What to do: Because some types of pneumonia require treatment with antibiotics, you should see your doctor to confirm a diagnosis and start treatment as necessary. In more severe cases, pneumonia can greatly affect breathing, and admission to the hospital for monitoring may be required. Check-out these home remedies for pneumonia that can be used as a complement to your medical treatment. 

4. Tuberculosis

In addition to coughing up blood, which is very characteristic of tuberculosis, this illness can also cause symptoms like constant fever, night sweats and excessive fatigue. Coughing usually persists for over 2 weeks, and diagnosis is usually confirmed through a sputum test. 

What to do: Tuberculosis is caused by bacteria, and therefore, treatment usually consists of a long-term course of antibiotics that can last for several months. If you suspect you have tuberculosis, you should see a lung specialist. Once confirmed, you should advise the people with whom you have had close contact to also be tested, as this illness is easily spread. 

5. Bronchiectasis

Bronchiectasis is a respiratory illness that causes coughing up blood that worsens overtime due to a permanent dilation or widening of the bronchi. This leads to excess mucus production and causes frequent episodes of shortness of breath. This condition is mainly caused by cystic fibrosis, pneumonia or fungal lung infections. 

What to do: It is important to se ea doctor for assessment, diagnosis and treatment. Treatment is usually aimed at relieving symptoms and improving quality of life.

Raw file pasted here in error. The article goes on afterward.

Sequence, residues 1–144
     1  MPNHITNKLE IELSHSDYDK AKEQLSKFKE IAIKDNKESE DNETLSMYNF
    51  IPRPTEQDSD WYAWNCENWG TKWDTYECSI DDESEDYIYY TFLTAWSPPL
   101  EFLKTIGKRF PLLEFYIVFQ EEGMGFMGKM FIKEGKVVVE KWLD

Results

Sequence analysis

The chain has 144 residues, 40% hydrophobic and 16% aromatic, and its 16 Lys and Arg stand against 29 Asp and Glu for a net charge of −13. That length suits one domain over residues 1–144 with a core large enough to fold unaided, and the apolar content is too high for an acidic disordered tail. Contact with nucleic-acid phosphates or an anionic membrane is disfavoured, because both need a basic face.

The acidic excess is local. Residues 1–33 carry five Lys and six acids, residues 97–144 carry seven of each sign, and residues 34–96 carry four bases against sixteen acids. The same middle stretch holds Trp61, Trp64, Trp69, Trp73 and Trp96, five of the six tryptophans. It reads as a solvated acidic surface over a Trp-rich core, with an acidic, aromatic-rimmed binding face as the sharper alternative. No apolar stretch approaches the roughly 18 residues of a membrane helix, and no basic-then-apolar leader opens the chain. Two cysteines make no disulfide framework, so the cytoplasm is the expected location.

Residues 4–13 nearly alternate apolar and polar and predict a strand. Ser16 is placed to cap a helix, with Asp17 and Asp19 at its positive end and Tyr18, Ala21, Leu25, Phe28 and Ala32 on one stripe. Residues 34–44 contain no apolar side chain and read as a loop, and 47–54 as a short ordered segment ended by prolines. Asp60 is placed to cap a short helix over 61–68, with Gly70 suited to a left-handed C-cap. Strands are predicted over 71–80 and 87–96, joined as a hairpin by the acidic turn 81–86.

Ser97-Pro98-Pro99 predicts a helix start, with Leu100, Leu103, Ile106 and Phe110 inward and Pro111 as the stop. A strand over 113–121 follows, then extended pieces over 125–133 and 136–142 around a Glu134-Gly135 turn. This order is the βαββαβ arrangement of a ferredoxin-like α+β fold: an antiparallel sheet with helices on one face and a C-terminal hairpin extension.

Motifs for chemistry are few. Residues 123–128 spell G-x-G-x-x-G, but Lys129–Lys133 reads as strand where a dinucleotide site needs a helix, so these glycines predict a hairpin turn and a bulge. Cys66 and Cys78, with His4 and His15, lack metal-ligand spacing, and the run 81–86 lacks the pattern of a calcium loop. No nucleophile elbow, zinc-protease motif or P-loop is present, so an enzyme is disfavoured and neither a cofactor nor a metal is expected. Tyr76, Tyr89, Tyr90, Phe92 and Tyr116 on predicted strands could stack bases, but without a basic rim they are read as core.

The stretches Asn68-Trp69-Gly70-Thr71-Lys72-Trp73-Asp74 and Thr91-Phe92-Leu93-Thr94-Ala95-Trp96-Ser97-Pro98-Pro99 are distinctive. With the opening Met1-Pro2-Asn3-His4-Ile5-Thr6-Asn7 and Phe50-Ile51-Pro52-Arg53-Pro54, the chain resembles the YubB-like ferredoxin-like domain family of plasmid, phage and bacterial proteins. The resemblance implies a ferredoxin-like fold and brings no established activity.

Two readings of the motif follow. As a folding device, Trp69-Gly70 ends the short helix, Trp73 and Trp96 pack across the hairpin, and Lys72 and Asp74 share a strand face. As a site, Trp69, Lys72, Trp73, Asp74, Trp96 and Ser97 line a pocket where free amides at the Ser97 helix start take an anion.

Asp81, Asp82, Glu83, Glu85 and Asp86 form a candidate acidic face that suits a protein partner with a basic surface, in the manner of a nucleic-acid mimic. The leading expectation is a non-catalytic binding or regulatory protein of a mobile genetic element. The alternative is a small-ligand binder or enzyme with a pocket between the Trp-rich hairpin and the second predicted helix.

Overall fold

6. Bronchitis

Bronchitis can cause coughing with blood, although it is more rare. Bronchitis is associated with a recurrent inflammation within the bronchi, which can increase airway irritation, leading to a greater risk of bleeding. 

What to do: In most cases, rest and increased fluid intake are able to relieve bronchitis-related symptoms. However, if symptoms persist or if you have difficulty breathing, you should seek medical attention, as medications may be necessary. 

7. Pulmonary embolism

A pulmonary embolism (PE) is a serious health issue that should be treated as quickly as possible in a hospital setting. It is characterized by the presence of a clot that obstructs blood flow to the lungs, resulting in tissue death in the surrounding area and severe difficulty with breathing. In addition to coughing up blood, many people also experience shortness of breath, blue-tinged fingers, chest pain and increased heart rate.